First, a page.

Monday, January 14, 2013

Hardware Changes and Issues

Dual Row 20 pin header break outToday I took some time to:
  • reconfigure my hardware to use the 74LS161 counter
  • replace the 74LS151 with a 74LS251 multiplexer (same but with 3-state output)
  • switch some wires around to account for the Disk ][ sending data MSB first
  • make a 2x10 (20 pin) header breakout board so I can access all of the lines from the Unidisk cable
A normal solderless breadboard has a gap in the middle that is too wide for a dual row pin header. The breakout board spans the gap.

While making all these modifications I figured out what change I had previously made to get the input from the disk controller working consistently. I was getting strange output because the multiplexer did not have time to set up the data before being read. Through trial and error, I had inverted the clock signal to the counter. Inverting the clock signal gave a half a cycle difference between the multiplexer selecting the line and the UM232H capturing the data, more than enough time for the data to get set up properly. Once I reduced the transfer size, input started working perfectly. I have now implemented this fix in software by selecting SPI mode 2 which captures data on falling clock edge. Exciting stuff, I know!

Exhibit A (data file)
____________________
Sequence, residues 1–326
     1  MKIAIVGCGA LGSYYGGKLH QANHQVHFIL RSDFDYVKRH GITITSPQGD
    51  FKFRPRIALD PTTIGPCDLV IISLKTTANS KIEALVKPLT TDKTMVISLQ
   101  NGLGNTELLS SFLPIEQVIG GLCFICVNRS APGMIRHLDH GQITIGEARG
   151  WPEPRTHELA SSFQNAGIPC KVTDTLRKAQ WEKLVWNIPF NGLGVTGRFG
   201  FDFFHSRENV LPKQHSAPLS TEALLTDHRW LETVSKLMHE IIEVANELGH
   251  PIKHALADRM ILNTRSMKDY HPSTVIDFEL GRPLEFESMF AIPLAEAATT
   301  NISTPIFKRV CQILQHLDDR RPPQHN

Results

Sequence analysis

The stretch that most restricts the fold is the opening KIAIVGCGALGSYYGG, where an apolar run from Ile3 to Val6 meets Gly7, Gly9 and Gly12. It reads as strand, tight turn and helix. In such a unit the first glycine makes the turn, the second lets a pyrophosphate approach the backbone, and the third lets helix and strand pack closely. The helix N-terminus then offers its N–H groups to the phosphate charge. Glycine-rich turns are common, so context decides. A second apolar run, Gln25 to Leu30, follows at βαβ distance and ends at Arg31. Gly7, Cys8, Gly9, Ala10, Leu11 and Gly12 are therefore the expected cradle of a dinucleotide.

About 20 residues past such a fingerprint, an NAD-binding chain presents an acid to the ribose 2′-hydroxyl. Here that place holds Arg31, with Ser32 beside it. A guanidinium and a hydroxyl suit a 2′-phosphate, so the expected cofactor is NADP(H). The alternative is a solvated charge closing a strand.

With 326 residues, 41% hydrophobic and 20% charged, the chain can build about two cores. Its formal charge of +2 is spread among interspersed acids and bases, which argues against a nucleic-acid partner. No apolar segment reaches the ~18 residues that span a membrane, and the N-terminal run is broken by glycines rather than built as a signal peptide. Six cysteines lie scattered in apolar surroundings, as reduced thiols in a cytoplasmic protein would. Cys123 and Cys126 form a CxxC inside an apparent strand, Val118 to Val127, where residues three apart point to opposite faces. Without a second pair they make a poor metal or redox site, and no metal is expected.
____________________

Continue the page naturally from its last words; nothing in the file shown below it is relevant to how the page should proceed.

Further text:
However, that wasn't the only problem I temporarily bypassed. Reducing the size of my transfers previously fixed the libmpsse stalling problem. Once I wrote functions to transfer full disk sectors, the stalling problem reared its head again. The transfer buffer of the UM232H is 1kB. A raw Apple II disk sector is 416 bytes. When I convert the sector into my SPI stream it quadruples to 1664 bytes. This is too big for a single transfer to the UM232H. libmpsse is supposed to automatically break this up into several USB transfers. Instead, it is stalling the UM232H for some reason. Even if it was working right, the buffer size is a serious problem. I can't take a break in the middle of transferring a disk sector to get more USB data - the Apple II would certainly indicate a disk error. Somehow, I need to reduce the number of SPI bits I transfer to represent a disk bit. I think I may be able to do 2 SPI bits per disk bit and slow the transfer down a little bit. This will cause the read pulse to be slightly longer than ideal and the time between pulses to be slightly shorter than ideal, but it might still work. Incidentally, this wouldn't be a problem on a microcontroller which would not have to wait for a USB transfer to get more data.

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